"For years those interested in correlating ancient Near Eastern backgrounds with the Hebrew Bible have needed a reference work like this. Sparks . . . has provided a volume that will be a mainstay in the field for years to come. . . . Sparks gives useful summaries of all major texts and includes extensive bibliographies that include texts and translations, as well as abundant secondary literature. . . . In addition to the bibliographies on specific individual texts each chapter concludes with a general bibliography on the genre under study. Reviewers have called the volume a 'staggering work in its scope that will be immensely useful to students of the Bible' and 'an indispensable companion to the volumes of translations that are already available.' This reviewer heartily concurs and recommends it as an ideal textbook for courses on ancient Near Eastern literature and Old Testament backgrounds."
"[Sparks] has opened up the wider world of ancient Israel by providing a wonderfully helpful and compact resource for comparative studies of the Bible and the ancient Near East (ANE). . . . Each genre is defined, exhaustively exemplified with attendant summaries, and provided with concluding observations. Some extremely useful factory options included at no extra charge are the multiple indices at the end of the book. . . . Another convenient addition facilitating further research is the extensive bibliography included at the end of each chapter. . . Sparks has achieved a thorough and long overdue compendium of the currently available ANE texts and the scholarship associated with them. In doing so, he has made possible for those pursuing a deeper understanding of the biblical texts a much broader understanding of the diverse literary traditions of those cultures surrounding ancient Israel that in turn provide insights into much of Israel's own literate heritage."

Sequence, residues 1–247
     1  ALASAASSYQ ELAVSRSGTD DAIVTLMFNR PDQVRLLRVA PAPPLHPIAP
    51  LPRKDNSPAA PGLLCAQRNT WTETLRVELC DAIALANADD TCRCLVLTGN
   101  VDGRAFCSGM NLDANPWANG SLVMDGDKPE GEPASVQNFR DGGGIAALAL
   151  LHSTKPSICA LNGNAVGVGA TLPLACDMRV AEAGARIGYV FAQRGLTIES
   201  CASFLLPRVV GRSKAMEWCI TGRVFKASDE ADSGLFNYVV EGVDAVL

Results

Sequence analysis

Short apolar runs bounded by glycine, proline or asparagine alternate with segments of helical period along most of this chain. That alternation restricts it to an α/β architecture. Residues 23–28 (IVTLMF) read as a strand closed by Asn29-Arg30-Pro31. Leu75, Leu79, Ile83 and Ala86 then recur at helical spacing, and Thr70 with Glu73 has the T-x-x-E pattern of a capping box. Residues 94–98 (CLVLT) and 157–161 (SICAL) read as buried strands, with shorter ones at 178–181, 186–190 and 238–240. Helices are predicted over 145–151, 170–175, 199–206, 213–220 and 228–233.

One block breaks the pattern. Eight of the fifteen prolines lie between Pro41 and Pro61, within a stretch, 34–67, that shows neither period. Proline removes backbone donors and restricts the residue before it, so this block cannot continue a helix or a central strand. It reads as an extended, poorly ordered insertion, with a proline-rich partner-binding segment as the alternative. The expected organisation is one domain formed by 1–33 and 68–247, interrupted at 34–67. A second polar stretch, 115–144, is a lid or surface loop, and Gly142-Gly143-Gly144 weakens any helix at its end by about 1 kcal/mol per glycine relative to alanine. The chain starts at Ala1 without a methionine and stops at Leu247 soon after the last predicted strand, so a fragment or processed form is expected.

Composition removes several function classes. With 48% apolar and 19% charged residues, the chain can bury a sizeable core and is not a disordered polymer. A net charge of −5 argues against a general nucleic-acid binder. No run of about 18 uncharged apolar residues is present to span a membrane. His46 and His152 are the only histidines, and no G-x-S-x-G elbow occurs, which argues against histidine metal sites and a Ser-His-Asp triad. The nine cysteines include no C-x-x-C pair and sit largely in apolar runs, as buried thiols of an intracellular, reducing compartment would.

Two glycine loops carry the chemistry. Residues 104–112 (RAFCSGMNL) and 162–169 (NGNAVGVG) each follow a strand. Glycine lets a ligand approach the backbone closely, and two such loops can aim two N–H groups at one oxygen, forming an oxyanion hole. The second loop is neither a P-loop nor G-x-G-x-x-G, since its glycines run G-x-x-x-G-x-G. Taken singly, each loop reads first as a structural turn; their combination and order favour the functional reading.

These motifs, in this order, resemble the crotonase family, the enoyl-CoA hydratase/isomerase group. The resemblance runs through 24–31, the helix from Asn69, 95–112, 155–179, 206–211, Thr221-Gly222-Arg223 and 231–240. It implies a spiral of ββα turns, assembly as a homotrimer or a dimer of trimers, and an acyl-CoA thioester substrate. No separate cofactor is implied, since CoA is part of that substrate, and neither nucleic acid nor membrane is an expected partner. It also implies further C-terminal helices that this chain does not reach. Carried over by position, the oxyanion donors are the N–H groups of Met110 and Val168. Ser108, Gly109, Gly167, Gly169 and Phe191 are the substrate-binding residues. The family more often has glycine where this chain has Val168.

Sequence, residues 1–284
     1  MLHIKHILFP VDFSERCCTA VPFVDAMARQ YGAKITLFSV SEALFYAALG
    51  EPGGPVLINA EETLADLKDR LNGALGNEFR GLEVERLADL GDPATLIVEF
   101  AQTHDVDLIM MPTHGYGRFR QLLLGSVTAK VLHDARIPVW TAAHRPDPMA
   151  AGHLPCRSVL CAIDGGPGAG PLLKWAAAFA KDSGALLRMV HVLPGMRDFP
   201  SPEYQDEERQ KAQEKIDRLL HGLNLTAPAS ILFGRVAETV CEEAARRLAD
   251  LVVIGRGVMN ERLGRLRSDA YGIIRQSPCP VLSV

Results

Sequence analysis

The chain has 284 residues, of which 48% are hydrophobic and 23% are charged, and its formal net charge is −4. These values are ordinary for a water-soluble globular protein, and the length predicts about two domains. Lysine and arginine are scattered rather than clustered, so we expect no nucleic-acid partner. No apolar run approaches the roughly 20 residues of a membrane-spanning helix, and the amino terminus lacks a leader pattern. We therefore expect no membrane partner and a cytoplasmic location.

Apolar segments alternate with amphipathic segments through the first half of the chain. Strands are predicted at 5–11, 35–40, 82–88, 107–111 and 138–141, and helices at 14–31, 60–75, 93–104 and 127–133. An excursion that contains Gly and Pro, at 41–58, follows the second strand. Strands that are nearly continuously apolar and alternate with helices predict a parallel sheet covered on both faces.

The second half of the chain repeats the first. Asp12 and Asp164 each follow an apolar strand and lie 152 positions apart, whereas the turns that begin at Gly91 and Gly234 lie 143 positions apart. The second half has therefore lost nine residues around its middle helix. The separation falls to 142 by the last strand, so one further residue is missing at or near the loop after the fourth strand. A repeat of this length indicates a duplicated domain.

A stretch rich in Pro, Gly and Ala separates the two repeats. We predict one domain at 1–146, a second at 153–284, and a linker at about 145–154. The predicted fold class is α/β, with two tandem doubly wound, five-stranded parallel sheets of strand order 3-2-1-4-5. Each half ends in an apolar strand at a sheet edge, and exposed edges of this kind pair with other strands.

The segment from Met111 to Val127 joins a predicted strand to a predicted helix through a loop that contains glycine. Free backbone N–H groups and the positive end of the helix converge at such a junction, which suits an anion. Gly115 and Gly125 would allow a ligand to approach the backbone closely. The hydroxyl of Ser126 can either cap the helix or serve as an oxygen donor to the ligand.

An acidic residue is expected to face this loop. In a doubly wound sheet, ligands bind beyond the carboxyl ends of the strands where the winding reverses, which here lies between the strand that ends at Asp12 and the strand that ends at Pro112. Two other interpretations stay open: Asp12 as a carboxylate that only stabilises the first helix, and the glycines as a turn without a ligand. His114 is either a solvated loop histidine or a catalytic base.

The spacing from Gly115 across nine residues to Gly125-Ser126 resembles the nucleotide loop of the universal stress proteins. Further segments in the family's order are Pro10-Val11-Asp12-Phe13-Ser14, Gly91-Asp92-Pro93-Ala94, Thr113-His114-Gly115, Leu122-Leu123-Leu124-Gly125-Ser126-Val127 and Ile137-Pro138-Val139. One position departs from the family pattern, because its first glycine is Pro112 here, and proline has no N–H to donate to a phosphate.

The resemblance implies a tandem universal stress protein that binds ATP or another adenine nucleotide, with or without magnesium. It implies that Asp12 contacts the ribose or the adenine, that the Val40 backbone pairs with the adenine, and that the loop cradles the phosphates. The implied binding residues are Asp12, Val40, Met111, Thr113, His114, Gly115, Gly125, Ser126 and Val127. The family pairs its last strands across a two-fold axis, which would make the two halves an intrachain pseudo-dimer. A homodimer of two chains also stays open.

Calvin Theological Journal
"Students of ancient Near Eastern literature have long needed a comprehensive, clear, and inviting guidebook to this large body of literature. Kenton Sparks has now provided just such a useful volume. The book includes maps, time lines, and other charts that will help students locate ancient works in time and space. The introduction to the work, written at a level that students should find accessible and engaging, works through issues of genre and setting for ancient texts. This chapter should be required reading for all beginners in Hebrew Bible studies, and even scholars will profit from the author's clearheaded take on genre as a way of thinking about texts. . . . Each chapter describes a series of texts and includes an extensive, up-to-date bibliography. . . . Sparks's judicious, moderate scholarship should commend itself to readers of varying theological commitments. Readers of this work may use it in several ways: beginners may wish to start with the introductions and conclusions of each chapter and then proceed to the detailed description of works within a given chapter. . . . Scholars and more advanced students will draw on the bibliographies and interact with the author's often stimulating analyses of texts. . . . It is difficult to fault Sparks at any point, for his survey of texts accomplishes more than its title implies. He has written nothing less than the best available introduction to the wide range of ancient Near Eastern texts."